I used to be an introvert from childhood to my early adult years – to the extent that many people interpreted it as arrogance.
Yet someone who hasn’t known me in my early years would never believe that about me. My friends joke that I’m a “social butterfly”; they find it hard to believe that I could ever have been inhibited or hesitant about anything.
There is nothing wrong with being an introvert. I completely back Susan Cain in saying, “Solitude matters, and for some people, it’s the air they breathe.” Yet at a certain stage of my life, it became a practical difficulty and I knew that if I had to get what I wanted, I will have to work upon that aspect of my personality.
This happened when I got to college.
In school, extra-curricular activities were limited to debates or quizzes. Since we had an enthusiastic English teacher, she encouraged us to enact some of the plays from our textbook. When I got into directing and acting, I realised how much I enjoyed it. But because there were no inter-school drama competitions, this activity was limited to my school and, that too, once in a blue moon.
Upon entering college, I was overjoyed to find that they had an entire society devoted to dramatics. I resolved to join it.
Also read: From Introvert to Socially Anxious
I saw a call for audition on the notice board. This wasn’t school where the teachers already knew and appreciated my theatrical skills. To enter the dramatic society, I had to prove myself anew. I was nervous because I had never gone for an audition. Yet I pulled up my socks and registered. When my turn came, my senior asked me to laugh as hard as I could.
Delivering a dialogue would have been easier; even crying would have been simpler. But this was something I did not do properly even in real life. I used to be very conscious of my crooked teeth in school. In photographs I could hardly be caught smiling, let alone laughing. And here I was being asked to laugh out loud on stage.
Recently, I was at an event where a counsellor revealed that kids – as young as ten – ask how they can lose weight and share their sadness because they do not feel pretty.
I was disturbed to hear it, but looking back I can now see that beauty standards for children have always existed, right from the time they are born.
In fact, from pregnancy itself, mothers in India are advised about what to eat so they have a fair-complexioned child. It is only that things get amplified in the age of social media and now we are having more conversations about problems with sexualising children’s bodies or subjecting them to the beauty industry’s arbitrary definitions.
So on that day of auditions, even though the auditorium with a capacity of 550 was mostly empty – save a few of my seniors, the prospect of laughing unabashedly in public seemed grim to me.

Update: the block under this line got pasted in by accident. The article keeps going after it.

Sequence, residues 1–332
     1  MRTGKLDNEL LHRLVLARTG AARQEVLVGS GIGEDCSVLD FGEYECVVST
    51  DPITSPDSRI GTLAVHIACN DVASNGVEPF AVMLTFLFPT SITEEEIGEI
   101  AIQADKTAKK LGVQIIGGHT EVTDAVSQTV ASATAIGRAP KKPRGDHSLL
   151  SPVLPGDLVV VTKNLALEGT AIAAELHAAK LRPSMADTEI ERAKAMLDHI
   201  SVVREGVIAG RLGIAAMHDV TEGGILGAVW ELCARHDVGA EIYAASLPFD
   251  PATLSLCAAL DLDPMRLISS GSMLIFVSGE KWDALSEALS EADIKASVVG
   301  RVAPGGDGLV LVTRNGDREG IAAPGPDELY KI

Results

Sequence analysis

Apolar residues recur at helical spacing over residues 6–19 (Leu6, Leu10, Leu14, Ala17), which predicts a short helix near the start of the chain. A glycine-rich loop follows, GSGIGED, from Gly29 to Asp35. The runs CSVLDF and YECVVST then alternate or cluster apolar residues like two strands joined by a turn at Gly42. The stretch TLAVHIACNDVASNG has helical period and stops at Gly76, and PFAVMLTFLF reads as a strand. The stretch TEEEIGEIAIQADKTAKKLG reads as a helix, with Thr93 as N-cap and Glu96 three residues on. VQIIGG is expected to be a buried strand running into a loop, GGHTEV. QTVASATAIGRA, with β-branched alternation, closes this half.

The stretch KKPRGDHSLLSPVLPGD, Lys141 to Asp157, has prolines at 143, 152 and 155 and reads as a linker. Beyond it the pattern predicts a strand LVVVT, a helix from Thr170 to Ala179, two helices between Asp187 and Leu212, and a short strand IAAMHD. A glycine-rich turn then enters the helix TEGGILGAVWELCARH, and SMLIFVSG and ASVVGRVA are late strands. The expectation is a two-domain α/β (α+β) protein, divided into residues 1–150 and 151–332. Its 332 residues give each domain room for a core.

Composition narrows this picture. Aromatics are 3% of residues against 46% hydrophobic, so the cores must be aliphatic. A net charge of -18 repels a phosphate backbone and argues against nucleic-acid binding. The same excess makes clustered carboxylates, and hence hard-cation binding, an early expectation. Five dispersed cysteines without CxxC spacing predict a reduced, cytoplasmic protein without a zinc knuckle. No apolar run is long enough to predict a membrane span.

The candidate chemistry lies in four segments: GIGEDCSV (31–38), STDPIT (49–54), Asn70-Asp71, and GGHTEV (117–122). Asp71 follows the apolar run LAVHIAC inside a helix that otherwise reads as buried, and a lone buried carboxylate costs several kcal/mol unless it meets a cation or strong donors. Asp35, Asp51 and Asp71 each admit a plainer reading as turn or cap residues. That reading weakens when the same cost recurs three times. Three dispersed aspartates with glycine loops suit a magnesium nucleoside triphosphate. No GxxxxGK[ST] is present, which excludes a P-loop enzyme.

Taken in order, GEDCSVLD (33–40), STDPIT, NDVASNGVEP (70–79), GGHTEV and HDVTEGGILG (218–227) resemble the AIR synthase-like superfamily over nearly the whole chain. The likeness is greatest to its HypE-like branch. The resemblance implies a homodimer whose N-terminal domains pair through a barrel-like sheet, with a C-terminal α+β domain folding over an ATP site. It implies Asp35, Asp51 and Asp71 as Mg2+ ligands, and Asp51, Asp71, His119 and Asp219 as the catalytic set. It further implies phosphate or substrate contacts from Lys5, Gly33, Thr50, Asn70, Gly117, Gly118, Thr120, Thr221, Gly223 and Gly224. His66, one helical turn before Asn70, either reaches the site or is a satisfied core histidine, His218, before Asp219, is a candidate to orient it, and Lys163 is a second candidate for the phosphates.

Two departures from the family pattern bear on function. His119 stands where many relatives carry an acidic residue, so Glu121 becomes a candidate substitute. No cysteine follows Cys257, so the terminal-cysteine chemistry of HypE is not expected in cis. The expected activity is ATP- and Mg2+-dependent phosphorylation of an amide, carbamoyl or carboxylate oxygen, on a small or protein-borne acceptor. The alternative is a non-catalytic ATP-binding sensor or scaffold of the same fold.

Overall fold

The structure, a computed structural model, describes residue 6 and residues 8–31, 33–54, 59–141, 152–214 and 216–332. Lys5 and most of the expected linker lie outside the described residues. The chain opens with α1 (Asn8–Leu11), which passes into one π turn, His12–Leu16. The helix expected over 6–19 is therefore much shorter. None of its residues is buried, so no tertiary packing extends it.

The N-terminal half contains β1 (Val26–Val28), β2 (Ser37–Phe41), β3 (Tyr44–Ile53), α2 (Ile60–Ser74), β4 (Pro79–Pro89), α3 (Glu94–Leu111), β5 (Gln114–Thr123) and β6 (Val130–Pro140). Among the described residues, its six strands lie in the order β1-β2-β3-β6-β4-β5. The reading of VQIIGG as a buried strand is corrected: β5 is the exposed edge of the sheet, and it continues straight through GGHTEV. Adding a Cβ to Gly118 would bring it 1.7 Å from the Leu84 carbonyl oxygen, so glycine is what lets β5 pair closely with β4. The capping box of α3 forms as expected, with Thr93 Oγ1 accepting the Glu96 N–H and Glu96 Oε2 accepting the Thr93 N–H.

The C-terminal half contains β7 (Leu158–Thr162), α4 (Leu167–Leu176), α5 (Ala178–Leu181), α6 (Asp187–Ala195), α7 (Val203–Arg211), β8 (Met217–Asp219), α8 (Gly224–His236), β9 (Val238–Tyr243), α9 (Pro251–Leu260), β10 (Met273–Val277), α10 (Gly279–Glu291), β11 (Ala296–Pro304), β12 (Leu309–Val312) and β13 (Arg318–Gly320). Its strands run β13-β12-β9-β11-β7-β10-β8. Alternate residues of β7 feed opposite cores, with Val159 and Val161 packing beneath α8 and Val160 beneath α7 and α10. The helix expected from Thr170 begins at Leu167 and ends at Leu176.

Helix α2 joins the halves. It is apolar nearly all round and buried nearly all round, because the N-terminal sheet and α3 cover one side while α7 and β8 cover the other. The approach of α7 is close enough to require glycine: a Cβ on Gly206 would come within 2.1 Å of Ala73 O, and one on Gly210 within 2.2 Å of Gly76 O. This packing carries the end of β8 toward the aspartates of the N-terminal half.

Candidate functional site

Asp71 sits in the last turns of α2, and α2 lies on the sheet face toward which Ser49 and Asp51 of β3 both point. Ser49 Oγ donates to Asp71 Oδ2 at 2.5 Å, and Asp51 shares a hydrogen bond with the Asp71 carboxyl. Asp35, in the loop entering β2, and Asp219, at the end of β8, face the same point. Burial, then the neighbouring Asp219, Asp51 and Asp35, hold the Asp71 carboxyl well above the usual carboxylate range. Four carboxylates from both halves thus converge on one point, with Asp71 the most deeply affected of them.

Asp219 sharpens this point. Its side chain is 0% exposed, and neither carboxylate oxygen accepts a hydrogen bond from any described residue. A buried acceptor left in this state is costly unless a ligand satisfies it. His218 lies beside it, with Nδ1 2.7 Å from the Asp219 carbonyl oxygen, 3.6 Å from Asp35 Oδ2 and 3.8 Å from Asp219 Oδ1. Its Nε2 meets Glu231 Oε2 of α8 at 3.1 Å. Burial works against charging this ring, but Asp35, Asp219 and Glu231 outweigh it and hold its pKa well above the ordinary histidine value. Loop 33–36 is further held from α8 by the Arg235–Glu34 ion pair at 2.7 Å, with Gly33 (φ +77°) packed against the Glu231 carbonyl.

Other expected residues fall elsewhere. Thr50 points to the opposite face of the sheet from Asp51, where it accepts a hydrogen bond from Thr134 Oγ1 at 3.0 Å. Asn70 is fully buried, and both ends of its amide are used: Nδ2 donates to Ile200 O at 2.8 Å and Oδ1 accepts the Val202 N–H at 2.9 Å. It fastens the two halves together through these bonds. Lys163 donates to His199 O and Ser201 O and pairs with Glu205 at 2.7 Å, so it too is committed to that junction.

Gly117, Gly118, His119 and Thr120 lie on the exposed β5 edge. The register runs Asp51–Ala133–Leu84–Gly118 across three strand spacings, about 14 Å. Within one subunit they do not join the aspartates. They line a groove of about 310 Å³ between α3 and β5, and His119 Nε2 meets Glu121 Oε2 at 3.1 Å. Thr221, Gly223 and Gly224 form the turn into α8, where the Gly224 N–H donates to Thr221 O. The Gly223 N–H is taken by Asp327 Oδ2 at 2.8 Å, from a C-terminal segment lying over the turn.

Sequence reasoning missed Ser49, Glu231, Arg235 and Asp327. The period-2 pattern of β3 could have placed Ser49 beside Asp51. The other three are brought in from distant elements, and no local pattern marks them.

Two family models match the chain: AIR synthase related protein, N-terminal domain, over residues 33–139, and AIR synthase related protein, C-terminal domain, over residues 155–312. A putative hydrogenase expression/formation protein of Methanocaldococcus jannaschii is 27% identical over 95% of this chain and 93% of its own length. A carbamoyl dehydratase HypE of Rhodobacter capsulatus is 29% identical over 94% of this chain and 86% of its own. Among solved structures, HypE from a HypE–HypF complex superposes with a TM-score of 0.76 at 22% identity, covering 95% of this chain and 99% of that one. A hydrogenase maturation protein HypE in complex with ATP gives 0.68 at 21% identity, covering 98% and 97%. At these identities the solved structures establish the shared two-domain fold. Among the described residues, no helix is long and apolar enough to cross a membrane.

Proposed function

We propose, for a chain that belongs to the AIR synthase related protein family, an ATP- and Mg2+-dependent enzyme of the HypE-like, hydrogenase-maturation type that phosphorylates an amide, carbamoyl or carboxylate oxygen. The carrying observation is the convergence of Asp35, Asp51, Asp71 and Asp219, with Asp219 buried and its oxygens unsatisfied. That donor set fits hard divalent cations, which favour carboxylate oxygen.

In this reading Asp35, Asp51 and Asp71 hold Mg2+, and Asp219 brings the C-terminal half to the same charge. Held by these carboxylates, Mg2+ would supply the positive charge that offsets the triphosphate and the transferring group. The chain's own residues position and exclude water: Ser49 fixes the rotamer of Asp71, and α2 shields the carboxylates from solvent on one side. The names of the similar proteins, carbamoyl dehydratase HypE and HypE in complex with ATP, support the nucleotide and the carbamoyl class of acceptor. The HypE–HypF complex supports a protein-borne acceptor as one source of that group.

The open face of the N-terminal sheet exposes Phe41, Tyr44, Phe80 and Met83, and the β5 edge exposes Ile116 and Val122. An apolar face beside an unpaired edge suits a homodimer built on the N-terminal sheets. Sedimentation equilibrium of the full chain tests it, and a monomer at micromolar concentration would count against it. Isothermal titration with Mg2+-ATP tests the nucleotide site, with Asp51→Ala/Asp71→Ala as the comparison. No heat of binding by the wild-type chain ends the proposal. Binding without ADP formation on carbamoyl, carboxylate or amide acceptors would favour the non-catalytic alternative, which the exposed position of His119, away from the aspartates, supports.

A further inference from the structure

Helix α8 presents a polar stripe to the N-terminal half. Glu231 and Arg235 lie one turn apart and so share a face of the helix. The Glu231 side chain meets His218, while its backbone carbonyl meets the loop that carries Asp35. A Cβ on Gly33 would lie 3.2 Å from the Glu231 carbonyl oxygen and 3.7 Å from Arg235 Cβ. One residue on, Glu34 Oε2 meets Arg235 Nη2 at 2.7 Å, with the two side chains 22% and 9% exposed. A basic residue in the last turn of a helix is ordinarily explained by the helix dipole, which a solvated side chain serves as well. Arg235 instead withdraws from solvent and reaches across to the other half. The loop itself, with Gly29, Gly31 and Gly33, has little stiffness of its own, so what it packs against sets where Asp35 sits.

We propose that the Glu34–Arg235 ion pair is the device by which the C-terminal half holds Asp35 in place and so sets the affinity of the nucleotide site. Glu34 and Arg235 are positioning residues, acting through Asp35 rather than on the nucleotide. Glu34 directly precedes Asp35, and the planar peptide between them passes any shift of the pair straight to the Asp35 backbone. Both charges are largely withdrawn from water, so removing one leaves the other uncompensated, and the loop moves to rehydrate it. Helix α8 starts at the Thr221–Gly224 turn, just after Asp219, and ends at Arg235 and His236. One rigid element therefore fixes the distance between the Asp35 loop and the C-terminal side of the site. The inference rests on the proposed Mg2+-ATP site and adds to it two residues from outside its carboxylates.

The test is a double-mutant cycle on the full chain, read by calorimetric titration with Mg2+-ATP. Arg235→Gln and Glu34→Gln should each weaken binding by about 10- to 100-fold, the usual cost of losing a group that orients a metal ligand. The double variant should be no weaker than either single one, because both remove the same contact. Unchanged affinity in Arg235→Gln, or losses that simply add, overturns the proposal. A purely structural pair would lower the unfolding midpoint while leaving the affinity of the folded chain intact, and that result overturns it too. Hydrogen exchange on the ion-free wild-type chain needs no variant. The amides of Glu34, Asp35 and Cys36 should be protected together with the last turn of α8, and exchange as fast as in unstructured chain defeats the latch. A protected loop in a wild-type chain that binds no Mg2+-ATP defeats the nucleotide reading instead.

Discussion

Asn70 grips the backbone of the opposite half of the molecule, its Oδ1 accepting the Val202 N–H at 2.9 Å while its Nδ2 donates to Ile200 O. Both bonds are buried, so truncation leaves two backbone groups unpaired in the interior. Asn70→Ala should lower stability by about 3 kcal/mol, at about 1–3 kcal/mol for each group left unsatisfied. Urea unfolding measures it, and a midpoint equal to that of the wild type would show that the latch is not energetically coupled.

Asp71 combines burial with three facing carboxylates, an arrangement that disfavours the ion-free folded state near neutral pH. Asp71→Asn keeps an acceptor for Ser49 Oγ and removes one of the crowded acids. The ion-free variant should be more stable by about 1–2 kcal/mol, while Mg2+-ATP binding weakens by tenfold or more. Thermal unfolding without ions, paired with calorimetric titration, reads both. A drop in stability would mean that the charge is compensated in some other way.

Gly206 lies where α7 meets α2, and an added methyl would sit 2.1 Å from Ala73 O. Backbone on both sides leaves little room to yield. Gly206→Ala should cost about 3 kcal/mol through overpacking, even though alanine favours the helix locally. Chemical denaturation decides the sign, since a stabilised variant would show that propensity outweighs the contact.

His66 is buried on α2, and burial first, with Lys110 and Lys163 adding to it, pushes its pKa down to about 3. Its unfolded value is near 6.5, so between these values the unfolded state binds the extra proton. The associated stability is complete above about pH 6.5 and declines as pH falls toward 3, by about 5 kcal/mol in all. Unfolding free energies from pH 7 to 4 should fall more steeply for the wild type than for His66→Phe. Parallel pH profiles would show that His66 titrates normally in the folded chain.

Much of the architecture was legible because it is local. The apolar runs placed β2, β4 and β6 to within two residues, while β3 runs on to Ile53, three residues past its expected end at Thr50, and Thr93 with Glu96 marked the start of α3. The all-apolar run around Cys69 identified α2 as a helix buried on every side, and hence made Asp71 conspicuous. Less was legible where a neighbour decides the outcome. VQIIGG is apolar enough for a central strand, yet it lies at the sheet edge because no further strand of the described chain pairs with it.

But it was also a moment when my desire to be selected became greater than my self-consciousness. If I missed this opportunity, getting into other clubs seemed even tougher, because I neither had a sports record to join the basketball team nor could I do handstands for the dance society’s audition.
So I finally braced myself, got up there and laughed as hard as I could, harder and longer than I had ever laughed, till my seniors said I could come down.
In that moment it felt like I had crossed a bridge that I had always been viewing from a distance. Something had changed in me, for the better. But I couldn’t allow myself to become happy yet. The audition results would take some more time.
The day the audition results were to be out, I rushed to see the notice board. My name was there but under “backstage”. I was crestfallen. I thought maybe this really wasn’t my forte.
But I had the desire to learn and better myself so I still went for the orientation meeting.
There I was surprised to know that our seniors had come up with the onstage-backstage distinction to see if the “backstage” people would turn up, to confirm if they were interested in sharing all the responsibilities of the dramatics society or only in the glamour of acting.
That day onwards it was a fun-filled ride with my fellow theatre aficionados. I got to reinvent myself and, most importantly, developed the confidence to accept my physical self the way I am.
If I ever forgot, my senior would remind me by saying, “Why so serious when you have such a beautiful smile?”
And my face would break out in a toothy grin.
Ankita Anand is an independent journalist-writer-poet. Her primary interest areas are social justice and culture.
Featured image credit: Pariplab Chakraborty